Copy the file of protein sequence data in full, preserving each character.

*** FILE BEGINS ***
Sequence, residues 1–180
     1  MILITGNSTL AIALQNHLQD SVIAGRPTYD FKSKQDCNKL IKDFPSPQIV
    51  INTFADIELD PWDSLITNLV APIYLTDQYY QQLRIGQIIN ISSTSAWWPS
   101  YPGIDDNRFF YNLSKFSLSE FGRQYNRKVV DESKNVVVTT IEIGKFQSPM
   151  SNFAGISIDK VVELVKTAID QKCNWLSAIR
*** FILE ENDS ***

Sequence, residues 1–180
     1  MILITGNSTL AIALQNHLQD SVIAGRPTYD FKSKQDCNKL IKDFPSPQIV
    51  INTFADIELD PWDSLITNLV APIYLTDQYY QQLRIGQIIN ISSTSAWWPS
   101  YPGIDDNRFF YNLSKFSLSE FGRQYNRKVV DESKNVVVTT IEIGKFQSPM
   151  SNFAGISIDK VVELVKTAID QKCNWLSAIR